NJA: That is true. In some states, oil has been a curse. But also in some states it has been a blessing. You have these countries that came to independence with massive issues, then they had oil wealth. It was not properly managed in some cases.

But then you have to look also at the role played by big multi-national companies. When they came to Africa, they were not interested in exploiting oil and gas for the development of Africa; they wanted it for European and American refineries. Bad governance, an assortment of crazy military dictators and coup d’états after coup d’états have not helped a lot of African countries.

That is yesterday but when you look at today and the future, you ask, “how do we get it right?”. We have what is going on in the Niger delta [and] what is happening in the Pemba area of northern Mozambique; we must get the host communities to be part of the industry. Maybe there should be community trust funds, in which a percentage of the revenues goes to creating projects around education, infrastructure, healthcare.

There must also be local content. We must move away from relying on government. The biggest issue – which sometimes the international community and even the oil companies do not realise – has been the partnership with the state and with the government. No, that is wrong. You must have partnerships with the private sector.

JM: Do you think it would be better if African governments considered partially privatising their electricity generating and distributing companies?

NJA: Absolutely, they should be looking at 80%, if not 90%, privatisation. Free market, limited government, individual liberty, that really drives markets up. Today, there is not one African public utility that is turning out profits. Eskom [South Africa’s public electricity utility] used to be a AAA-rated company 20 to 30 years ago. Today, we are having black outs every over hour.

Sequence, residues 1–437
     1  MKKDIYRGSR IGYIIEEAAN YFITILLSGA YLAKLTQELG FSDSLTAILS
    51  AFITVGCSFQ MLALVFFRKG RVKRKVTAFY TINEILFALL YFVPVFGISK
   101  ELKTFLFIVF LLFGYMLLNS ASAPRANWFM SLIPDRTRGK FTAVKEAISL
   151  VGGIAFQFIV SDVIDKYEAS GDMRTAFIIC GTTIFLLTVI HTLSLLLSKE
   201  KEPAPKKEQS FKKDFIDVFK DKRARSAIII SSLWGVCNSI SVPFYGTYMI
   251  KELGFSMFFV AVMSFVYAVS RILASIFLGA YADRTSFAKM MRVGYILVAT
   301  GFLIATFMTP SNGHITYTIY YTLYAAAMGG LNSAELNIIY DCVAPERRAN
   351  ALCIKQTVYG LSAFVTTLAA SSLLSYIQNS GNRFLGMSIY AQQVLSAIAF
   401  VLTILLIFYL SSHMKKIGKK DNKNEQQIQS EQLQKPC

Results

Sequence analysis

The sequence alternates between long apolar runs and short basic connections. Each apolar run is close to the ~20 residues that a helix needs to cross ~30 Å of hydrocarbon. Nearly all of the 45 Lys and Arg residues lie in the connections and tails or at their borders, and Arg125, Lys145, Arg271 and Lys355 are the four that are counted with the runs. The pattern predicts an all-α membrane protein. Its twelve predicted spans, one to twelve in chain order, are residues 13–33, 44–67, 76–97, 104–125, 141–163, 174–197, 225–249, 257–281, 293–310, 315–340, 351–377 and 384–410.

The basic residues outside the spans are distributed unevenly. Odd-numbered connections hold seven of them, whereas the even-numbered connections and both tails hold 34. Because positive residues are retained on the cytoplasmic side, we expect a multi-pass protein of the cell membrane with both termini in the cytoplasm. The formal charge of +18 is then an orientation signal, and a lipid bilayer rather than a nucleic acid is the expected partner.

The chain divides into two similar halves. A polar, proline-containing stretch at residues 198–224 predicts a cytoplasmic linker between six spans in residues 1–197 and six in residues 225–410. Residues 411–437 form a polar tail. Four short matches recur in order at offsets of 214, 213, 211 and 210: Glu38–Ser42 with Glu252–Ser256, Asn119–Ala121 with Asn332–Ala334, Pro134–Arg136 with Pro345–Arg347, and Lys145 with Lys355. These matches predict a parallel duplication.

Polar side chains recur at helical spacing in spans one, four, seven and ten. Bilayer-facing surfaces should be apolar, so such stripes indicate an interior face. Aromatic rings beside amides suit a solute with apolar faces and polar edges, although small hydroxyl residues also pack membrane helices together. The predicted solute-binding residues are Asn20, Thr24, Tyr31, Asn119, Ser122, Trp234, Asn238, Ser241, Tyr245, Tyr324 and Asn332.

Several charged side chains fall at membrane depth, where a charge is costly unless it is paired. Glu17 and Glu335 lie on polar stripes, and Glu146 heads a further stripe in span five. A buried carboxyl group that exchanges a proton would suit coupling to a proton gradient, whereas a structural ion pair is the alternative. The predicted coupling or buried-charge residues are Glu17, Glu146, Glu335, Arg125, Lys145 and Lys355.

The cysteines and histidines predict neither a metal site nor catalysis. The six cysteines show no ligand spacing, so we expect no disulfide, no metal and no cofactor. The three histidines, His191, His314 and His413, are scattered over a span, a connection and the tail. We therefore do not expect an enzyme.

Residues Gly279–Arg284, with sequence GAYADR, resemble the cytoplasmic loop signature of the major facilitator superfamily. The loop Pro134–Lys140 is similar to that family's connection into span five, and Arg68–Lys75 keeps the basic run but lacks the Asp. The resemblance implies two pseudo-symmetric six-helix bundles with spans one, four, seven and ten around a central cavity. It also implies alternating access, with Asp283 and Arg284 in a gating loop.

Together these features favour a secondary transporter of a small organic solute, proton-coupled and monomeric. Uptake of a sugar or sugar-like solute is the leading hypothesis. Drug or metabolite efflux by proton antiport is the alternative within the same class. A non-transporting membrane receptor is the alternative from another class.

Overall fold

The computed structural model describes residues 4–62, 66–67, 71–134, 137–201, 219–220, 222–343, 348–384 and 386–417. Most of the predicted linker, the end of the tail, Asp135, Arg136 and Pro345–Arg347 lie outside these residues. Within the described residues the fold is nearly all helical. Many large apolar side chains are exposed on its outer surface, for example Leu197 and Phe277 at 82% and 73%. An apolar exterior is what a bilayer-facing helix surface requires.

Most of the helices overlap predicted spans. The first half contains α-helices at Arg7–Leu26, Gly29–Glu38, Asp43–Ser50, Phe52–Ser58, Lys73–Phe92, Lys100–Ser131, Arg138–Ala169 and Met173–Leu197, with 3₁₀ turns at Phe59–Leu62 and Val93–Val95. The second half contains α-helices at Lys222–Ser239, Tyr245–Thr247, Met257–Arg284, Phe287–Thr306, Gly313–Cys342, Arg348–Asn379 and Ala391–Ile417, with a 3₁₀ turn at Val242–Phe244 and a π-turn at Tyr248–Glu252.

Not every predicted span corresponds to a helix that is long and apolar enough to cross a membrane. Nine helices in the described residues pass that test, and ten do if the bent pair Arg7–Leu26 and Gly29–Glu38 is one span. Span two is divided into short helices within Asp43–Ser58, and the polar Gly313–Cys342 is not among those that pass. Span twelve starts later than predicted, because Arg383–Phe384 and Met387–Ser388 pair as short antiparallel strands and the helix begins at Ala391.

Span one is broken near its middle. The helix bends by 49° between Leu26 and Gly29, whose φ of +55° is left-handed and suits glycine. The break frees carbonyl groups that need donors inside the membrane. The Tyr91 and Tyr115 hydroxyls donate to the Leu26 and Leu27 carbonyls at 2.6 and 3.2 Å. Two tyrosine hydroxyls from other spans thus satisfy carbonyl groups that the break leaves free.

When you privatise the public utilities in Africa, you take control of how you use gas and a ‘just’ energy transition because private power utilities are not in the hold of politicians, governments and corrupt bureaucrats. You see a tsunami going around the world today, markets are changing; we have to listen to markets. These market forces are the biggest enemy to politicians.

Capital is no longer prepared to go into bankrupt, corrupt state-run entities; capital wants to partner with well-run private organisations. There will not be any ‘stranded’ assets. This is a continent with 1.4 billion people. There is a massive need for energy. This is gas that will be used in Africa; there is a market, there is a need, the continent must industrialise.

Yes, there are restrictions when it comes to investing in African oil and gas. That is what I find a little bit hypocritical. Today, the European Union says that gas is ‘green’. I was at COP26 last year, they said gas is bad, nobody should invest in gas. I don’t know what witchdoctor they consulted that told them that gas is now great. You can invest in gas, in fossil fuels in Europe but not in Africa. That sends the wrong message. What are they doing?